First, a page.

TikTok is the latest in a series of red-hot apps primarily aimed at teenagers and millennials. TikTok describes itself as the “leading destination for short-form mobile video,” with a mission to “inspire creativity and bring joy.” Based in China, the app was founded by Zhang Yiming.
In a rare interview with TechNode, Yiming lifted the curtain on a humorous aspect of the company. “For a very long time, I was merely watching TikTok videos without making any of them myself, because it’s a product mainly for young people,” he said. “But later on we made it compulsory for all management team members to make their own TikTok videos, and they must win a certain number of ‘likes.’ Otherwise, they have to do pushups. It was a big step for me.”
Unlike its relatively unknown and secretive billionaire founder, TikTok is already well known on the global stage. The company continues to hire in offices from Los Angeles and London to Beijing, Singapore, Tokyo and Paris, to name just a few. Learn more about Yiming’s invention, how it’s used and whether or not it might be a good investment going forward.
|TikTok Company Snapshot|
- How Much Is TikTok Worth?
- TikTok’s Founder: Zhang Yiming
- What Is TikTok’s Primary Product and Source of Revenue?
- How Does the Future Look for TikTok?
- Should I Invest In TikTok?
Because TikTok is a private company, getting a handle on exactly how much it’s worth can be difficult. But recent estimates place the value of TikTok’s parent company, ByteDance, at $75 billion. This is based on the most recent $3 billion round of funding led by investor SoftBank Group, which doubled the valuation from the year prior — putting TikTok in the same neighborhood as footwear giant Nike by some measures of financial valuation.
The Chinese arm of Sequoia Capital counts itself as one of the early investors in TikTok via ByteDance. Additional investors in ByteDance include the following, according to CrunchBase:
- CMB Wing Lung Bank
- Morgan Stanley
- Goldman Sachs
- Bank of China
- K3 Ventures
- Primavera Capital Group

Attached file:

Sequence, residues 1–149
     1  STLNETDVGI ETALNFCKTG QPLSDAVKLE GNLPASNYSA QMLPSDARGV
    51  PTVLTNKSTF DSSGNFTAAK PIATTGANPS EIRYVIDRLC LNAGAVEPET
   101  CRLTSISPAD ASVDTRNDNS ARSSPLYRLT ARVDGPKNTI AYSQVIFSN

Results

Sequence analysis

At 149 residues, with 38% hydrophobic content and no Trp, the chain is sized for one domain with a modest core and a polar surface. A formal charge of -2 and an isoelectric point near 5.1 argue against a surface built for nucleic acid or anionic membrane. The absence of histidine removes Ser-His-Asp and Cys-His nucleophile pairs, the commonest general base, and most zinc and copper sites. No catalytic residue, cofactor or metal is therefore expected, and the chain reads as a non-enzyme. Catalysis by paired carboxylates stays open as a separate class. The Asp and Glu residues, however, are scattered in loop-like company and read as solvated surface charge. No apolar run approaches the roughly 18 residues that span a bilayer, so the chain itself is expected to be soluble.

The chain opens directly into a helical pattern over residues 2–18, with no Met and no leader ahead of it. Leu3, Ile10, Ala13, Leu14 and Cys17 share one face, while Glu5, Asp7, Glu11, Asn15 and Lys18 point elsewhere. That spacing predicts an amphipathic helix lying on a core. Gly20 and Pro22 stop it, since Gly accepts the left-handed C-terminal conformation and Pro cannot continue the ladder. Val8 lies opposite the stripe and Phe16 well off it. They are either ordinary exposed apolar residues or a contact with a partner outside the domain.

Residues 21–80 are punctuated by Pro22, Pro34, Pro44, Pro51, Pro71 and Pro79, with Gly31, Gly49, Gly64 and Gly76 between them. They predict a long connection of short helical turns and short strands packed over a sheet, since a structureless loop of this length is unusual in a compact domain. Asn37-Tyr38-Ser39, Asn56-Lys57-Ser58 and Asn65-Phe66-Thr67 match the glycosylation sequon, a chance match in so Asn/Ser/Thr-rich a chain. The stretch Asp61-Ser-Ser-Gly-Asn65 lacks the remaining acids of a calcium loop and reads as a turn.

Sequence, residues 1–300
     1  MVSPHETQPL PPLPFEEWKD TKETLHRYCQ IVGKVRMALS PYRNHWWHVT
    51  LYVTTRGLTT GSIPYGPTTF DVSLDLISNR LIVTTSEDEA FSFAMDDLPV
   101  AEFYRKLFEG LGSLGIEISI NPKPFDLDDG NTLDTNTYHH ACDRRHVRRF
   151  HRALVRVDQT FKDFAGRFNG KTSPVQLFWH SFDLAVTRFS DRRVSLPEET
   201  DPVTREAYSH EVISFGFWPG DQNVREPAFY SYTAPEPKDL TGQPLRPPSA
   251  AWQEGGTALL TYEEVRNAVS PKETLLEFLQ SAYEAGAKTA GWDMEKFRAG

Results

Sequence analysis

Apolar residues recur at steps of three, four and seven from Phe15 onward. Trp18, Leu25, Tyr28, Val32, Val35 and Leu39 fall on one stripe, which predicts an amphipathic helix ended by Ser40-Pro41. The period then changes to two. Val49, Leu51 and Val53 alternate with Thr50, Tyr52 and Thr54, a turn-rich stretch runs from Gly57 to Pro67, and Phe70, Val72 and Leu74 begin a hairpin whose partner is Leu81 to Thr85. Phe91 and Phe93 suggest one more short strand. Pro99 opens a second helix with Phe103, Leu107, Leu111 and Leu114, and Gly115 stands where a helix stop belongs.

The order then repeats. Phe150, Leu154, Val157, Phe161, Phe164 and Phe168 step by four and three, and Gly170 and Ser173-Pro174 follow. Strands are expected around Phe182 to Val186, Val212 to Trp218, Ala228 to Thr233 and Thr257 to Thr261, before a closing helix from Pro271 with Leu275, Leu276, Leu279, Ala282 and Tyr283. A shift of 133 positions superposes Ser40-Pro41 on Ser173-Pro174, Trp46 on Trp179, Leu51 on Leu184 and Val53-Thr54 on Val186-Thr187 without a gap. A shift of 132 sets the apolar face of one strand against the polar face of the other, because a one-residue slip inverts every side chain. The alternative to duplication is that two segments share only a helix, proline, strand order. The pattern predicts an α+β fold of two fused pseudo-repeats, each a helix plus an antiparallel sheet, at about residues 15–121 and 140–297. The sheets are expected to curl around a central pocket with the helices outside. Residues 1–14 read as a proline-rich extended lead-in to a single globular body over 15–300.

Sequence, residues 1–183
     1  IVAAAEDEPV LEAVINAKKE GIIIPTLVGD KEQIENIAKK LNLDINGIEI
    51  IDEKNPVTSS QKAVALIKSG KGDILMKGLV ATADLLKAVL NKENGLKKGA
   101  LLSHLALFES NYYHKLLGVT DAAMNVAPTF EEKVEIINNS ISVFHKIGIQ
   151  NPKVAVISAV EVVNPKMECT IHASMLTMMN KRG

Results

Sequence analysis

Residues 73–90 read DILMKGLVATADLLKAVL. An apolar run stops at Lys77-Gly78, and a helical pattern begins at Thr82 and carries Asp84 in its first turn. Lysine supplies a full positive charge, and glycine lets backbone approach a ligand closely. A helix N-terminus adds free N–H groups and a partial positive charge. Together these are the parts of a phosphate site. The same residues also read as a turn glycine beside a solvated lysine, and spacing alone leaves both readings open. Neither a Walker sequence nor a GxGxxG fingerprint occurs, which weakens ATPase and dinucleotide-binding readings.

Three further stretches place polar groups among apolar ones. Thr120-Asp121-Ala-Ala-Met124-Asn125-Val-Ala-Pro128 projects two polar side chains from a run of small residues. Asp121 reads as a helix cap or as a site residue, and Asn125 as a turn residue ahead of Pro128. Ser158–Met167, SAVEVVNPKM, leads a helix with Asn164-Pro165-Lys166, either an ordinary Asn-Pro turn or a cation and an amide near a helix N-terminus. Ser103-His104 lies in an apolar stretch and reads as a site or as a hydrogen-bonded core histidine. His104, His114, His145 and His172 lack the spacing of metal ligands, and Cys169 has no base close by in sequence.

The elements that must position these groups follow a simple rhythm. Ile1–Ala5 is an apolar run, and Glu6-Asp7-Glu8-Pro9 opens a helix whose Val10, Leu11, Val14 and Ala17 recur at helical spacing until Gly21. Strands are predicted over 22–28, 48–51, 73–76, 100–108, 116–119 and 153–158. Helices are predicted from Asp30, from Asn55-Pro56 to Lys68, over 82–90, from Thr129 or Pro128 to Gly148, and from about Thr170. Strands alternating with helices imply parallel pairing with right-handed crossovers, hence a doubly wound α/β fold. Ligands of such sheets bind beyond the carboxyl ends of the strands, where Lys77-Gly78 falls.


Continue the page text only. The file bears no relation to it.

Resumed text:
- Kohlberg Kravis Roberts
- Sean Ironstag
- General Atlantic
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Yiming remains somewhat of a mystery, but what’s clear is that he is an unqualified success in the business world. The 35-year-old former software engineer is now worth over $16 billion, making him the 11th-wealthiest person in China, according to the Bloomberg Billionaires Index.
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The overall description of TikTok might sound vaguely familiar because it’s somewhat related to the app Vine, which was all the rage in 2013. Due at least in part to the popularity of Vine, video exploded in popularity in the mid-2010s as a method of expression — and generating revenue — popularized still further with the rapid growth of Snapchat; Instagram, which is owned by Facebook; and YouTube.
But as Vine soon learned, the innovators in a new technology space aren’t necessarily the long-term winners. After helping create the trend of sharing videos over social media, Vine became a victim of its own success, as it couldn’t maintain a loyal user base in the face of widespread and powerful competition.
It was in the midst of this environment that the precursor of TikTok was born. Chinese technology company ByteDance unveiled a short-video app called Douyin, which means “shaking sound” in Chinese. The international version of this app, which was quickly merged with existing app Muscial.ly as it was introduced to the American market, is what’s now known as TikTok.
So, what exactly does TikTok do?
In a nutshell, the TikTok app allows users to film their own videos of up to 15 seconds. You can use the app to access a database of sound bytes, songs or effects to enhance your video as per your own creative whim. Typically, videos involve lip-syncing or acting out comedy sketches, but the only limitation is the imagination of the individual users.
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One of the key features of the app is the ability to collaborate with other users. For example, you can respond to another user’s video and create a split screen where you are both performing to the same song. These types of interactive collaborations can then feed on themselves, with endless additional responses or reactions becoming available.
This type of social media interaction might be puzzling to older generations, which is part of the reason why the current age of the average TikTok user stands at 16-24 years old, according to consumer research firm GlobalWebIndex. That said, the average age has grown higher as TikTok penetrates further into the social mediascape.